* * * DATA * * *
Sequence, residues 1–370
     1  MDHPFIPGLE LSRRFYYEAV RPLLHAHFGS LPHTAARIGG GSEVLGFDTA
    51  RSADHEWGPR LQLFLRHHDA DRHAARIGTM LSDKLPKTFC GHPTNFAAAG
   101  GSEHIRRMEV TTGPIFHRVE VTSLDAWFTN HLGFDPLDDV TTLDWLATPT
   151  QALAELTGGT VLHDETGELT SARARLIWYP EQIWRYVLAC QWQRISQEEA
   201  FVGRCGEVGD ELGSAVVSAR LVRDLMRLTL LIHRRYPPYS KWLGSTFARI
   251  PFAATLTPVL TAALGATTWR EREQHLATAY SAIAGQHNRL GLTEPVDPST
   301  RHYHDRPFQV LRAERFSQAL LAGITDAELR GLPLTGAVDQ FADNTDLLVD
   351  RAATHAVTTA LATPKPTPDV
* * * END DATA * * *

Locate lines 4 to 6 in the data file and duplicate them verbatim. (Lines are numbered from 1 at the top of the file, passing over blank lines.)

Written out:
   101  GSEHIRRMEV TTGPIFHRVE VTSLDAWFTN HLGFDPLDDV TTLDWLATPT
   151  QALAELTGGT VLHDETGELT SARARLIWYP EQIWRYVLAC QWQRISQEEA
   201  FVGRCGEVGD ELGSAVVSAR LVRDLMRLTL LIHRRYPPYS KWLGSTFARI